The small white-painted chapel with the red brick tiled roof just south of the monastery ruins at Lyse was built in 1663 as a local chapel for the monastery estate, following the takeover of the property by the District Recorder (Stiftskriver) Niels Hanssøn Schmidt two years previously. The chapel, with its harmonic proportions, lies in the cultural landscape beside the grand monastery estate, witness to a time gone by. But even today, there is a tradition of high mass on the 2nd day of Ascension in Lyse Chapel.
In the still and dim church interiors of the Middle Ages the performances of belief came to life in the gleam from the wax candles. Here the essential articles of faith were presented, here the church was presented through holy men and holy women and here the events from the Gospels were told: the angels with Maria, the birth of the baby Jesus, the Three Wise Men, the history of the drama of the Passion and the victorious Christ.
Herdlevær lies on one of the small islands west of Hjeltefjorden, facing the North Sea and the big ocean. Today you may arrive there by car. The numerous islands are linked together by elegant bridge spans made of concrete. Fifty years ago it was half a day’s journey to get to Herdlevær from the mainland by your own rowing boat or ferry.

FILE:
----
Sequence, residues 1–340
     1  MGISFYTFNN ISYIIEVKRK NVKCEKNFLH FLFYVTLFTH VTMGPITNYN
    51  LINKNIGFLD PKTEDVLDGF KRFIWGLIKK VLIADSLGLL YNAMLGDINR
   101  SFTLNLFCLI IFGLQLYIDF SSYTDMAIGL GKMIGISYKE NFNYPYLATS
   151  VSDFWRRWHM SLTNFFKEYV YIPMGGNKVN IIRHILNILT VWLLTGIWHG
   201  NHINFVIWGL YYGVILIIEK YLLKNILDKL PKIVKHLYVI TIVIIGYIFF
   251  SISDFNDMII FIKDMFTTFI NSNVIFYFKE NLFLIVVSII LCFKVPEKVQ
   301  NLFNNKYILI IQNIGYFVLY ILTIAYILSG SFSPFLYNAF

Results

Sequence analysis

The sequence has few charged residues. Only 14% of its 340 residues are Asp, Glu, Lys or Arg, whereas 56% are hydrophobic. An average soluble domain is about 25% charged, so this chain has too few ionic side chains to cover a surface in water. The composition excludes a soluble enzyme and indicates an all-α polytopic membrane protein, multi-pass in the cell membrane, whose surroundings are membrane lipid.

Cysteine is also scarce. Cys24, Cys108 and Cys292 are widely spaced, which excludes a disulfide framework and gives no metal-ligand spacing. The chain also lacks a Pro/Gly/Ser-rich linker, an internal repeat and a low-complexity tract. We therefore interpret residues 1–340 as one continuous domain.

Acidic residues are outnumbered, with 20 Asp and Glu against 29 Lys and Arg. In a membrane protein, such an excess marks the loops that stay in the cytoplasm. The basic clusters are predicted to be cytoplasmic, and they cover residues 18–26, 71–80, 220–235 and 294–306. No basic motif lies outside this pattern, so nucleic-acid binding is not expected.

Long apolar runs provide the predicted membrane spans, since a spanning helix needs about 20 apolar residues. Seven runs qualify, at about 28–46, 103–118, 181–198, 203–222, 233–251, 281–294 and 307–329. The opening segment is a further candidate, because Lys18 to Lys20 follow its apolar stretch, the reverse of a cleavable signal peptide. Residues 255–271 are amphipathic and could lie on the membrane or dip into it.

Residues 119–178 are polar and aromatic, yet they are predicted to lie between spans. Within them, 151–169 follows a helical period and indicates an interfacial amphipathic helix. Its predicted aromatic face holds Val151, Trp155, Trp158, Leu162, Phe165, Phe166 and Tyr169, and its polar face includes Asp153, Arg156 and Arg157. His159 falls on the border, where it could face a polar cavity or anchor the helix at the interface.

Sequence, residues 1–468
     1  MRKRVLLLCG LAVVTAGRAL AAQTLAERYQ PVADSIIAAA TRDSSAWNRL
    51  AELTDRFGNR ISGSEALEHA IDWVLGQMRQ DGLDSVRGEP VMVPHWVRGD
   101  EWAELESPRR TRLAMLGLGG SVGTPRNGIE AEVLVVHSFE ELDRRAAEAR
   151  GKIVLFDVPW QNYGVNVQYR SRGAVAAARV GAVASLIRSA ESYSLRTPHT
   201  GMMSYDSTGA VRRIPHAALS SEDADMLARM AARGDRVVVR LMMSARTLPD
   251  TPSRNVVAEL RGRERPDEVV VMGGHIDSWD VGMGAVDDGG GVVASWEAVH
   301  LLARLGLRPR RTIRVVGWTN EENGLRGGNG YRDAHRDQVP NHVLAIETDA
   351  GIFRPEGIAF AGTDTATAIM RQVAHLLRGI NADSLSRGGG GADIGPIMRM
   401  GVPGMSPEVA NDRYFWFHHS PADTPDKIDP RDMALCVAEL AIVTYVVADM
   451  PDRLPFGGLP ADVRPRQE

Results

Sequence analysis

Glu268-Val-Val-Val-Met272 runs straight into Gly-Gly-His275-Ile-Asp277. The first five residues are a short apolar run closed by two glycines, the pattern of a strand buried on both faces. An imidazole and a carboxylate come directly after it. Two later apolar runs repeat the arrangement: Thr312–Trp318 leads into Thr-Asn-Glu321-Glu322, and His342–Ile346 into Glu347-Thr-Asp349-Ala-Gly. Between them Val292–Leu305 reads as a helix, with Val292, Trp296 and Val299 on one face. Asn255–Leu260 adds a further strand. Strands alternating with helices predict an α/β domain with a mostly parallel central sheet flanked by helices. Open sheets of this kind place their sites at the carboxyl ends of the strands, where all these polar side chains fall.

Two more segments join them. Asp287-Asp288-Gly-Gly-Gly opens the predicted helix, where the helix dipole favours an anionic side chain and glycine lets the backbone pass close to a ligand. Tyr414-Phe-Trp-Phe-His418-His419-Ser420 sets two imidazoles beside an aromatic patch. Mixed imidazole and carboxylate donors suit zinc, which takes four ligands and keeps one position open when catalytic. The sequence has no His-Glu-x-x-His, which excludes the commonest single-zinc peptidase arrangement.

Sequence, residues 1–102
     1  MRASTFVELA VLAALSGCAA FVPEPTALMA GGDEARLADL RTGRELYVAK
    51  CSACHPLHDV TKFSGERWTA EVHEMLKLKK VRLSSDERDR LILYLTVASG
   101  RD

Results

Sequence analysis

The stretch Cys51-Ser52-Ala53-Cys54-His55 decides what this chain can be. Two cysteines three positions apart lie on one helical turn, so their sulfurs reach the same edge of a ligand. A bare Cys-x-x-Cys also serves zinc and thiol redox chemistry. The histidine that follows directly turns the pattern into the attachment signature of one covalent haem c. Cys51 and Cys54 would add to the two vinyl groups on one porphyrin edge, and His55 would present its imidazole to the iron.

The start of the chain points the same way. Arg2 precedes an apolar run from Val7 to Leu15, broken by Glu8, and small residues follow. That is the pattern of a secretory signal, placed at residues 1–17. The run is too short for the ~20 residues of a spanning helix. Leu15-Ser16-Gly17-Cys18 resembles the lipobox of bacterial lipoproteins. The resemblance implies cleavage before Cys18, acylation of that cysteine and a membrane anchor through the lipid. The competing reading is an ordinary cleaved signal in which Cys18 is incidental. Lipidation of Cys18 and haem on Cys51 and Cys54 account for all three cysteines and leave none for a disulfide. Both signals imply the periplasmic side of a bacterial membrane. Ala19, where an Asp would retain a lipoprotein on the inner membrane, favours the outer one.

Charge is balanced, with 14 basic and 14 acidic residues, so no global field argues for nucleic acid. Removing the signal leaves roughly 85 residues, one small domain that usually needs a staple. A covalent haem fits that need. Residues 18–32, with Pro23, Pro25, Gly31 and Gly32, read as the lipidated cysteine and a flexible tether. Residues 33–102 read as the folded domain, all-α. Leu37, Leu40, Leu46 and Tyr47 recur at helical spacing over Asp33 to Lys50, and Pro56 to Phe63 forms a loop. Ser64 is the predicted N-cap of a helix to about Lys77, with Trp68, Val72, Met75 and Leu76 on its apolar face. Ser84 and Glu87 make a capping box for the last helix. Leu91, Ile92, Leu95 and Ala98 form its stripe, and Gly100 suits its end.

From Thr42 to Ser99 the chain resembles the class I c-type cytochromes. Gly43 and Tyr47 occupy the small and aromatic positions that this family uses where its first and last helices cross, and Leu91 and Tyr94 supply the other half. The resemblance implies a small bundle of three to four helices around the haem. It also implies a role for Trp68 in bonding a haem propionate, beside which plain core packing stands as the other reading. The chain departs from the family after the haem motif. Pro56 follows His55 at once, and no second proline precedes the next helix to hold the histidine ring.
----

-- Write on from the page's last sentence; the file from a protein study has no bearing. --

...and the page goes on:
The old stone church at Eidfjord has an open position on the terrace at Lægreid. In a diploma from 1310 it transpires that Torgeir on Sponheim donated a gift for the erection of the church in Eidfjord. Thus we can assume that the church was under construction at the time. The elements in the style confirm such a dating.
In the Middle Ages the stone church in Fana was a place for pilgrimage, containing a miraculous silver crucifix that could heal the sick. A hill to the west of the church is still called Krykkjehaugen (the crutch hill); according to belief this is where the sick threw away their crutches. Perhaps this church, lying where it does at the old half county boundary , also held a special position in relation to the district churches in the county.
By all accounts the church in Kinsarvik must have been one of the four main churches in the old Horda County. The stone church standing today was restored by cathedral architect Chr. Christie in 1880, and again by Peter Helland-Hansen in 1960-61. At that time an archaeological investigation was undertaken, which has unearthed new knowledge about the church.